Michael Ondaatje and the magical art of the opening sentence
Warlight, the author’s latest novel, is about two teenagers being abandoned into the shadowy underworld of post-war London
Michael Ondaatje: Warlight is an elusive, elegiac novel which will enchant some readers and enrage others. Photograph: Getty Images
Michael Ondaatje likes to begin his novels with a cinematic opening image. In Divisadero it’s a teenage girl on horseback; in The Cat’s Table, a boy looking out the back window of a car. In The English Patient, rain begins to fall as Hana surveys her devastated domain. His new book, Warlight, is set in the shadowy underworld of postwar London – and it has one of the most irresistible opening sentences you’re likely to read all year. “In 1945,” it begins, “our parents went away and left us in the care of two men who may have been criminals.”
Nathaniel and Rachel, aged 14 and 16, have been brought into the garden of their suburban London home. Their father, they are blithely told, has been promoted; he is about to fly off to his company’s Asian office. Their mother will join him as soon as she has packed the children off to their new boarding schools. The teenagers are to be left in the care of the family’s third-floor lodger, The Moth, and his friend, an ex-boxer who goes by the name of the Pimlico Darter.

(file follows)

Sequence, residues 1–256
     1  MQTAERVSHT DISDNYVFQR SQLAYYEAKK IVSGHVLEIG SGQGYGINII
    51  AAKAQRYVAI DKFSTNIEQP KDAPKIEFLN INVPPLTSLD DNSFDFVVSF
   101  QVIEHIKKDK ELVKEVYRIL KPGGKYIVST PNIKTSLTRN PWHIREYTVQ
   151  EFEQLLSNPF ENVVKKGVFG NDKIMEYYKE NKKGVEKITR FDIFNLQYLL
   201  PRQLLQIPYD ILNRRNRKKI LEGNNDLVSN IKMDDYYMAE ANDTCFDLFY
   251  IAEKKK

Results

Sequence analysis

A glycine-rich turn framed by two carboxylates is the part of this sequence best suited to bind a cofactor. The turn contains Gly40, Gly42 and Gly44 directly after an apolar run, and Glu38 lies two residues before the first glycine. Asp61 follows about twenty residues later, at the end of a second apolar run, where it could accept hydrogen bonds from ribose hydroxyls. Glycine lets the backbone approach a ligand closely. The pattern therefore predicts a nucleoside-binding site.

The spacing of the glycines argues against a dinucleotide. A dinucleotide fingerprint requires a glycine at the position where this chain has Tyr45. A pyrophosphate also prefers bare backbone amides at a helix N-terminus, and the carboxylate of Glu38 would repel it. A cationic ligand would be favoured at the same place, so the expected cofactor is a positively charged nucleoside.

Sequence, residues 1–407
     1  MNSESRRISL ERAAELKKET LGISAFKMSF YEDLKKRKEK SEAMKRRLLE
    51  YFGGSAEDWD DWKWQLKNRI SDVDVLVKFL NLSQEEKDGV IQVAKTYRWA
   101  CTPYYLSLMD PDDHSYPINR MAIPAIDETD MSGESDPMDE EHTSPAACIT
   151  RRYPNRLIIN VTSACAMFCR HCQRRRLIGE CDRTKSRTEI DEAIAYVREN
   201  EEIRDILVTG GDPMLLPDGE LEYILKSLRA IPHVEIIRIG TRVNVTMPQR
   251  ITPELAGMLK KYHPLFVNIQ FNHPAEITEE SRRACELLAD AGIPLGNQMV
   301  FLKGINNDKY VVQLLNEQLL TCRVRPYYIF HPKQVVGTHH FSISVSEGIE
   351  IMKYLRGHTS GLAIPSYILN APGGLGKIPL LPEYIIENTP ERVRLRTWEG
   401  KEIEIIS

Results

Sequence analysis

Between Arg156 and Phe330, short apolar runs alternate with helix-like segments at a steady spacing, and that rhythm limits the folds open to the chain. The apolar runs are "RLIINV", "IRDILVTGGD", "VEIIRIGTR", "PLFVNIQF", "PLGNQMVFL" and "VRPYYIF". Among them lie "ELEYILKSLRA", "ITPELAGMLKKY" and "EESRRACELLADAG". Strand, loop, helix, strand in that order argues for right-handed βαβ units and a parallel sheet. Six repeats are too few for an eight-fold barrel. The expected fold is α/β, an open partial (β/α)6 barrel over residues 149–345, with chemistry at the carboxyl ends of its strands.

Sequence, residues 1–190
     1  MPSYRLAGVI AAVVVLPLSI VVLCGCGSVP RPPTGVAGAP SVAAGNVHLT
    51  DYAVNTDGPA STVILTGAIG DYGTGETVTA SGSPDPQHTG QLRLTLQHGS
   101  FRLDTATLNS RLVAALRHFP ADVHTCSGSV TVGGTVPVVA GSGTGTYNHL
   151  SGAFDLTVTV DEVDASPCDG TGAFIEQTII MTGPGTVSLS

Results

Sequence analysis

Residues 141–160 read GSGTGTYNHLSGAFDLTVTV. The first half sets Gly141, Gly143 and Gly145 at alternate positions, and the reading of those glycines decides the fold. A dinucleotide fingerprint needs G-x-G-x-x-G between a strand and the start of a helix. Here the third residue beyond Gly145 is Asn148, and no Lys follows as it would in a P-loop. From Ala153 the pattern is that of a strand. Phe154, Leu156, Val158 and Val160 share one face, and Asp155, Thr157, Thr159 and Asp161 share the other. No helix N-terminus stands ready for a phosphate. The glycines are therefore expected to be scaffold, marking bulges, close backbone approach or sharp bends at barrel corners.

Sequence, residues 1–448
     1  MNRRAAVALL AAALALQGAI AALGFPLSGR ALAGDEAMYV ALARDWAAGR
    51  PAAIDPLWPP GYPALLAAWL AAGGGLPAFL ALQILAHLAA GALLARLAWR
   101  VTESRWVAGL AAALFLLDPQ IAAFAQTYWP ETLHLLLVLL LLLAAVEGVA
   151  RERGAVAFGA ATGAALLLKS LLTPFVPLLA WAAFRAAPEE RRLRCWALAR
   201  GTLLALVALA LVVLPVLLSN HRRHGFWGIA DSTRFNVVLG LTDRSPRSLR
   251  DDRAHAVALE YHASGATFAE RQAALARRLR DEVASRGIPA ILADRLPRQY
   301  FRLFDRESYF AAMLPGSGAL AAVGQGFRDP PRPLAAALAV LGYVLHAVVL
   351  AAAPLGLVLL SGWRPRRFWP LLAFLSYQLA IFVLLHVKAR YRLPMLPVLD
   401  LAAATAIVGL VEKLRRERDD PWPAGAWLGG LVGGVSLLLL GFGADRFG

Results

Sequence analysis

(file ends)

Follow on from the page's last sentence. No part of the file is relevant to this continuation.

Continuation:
It’s a great start for the reader. But where, I ask the author, did the book start for him? With a character? A panning shot? Or that masterful opening sentence?
“I wish the first sentence had been the first sentence,” Ondaatje says, somewhat ruefully, “but it came a bit later on. I’m not sure what it was. I’m not even sure why I was writing this book, to be honest, at the beginning. I didn’t really have one central moment, as I do in other books.
“There’s actually very little there to start with. Two teenagers being abandoned, essentially. But in some ways that was a kind of celebration as well as a tragedy. When the parents disappeared, those two characters found themselves – in a different way.”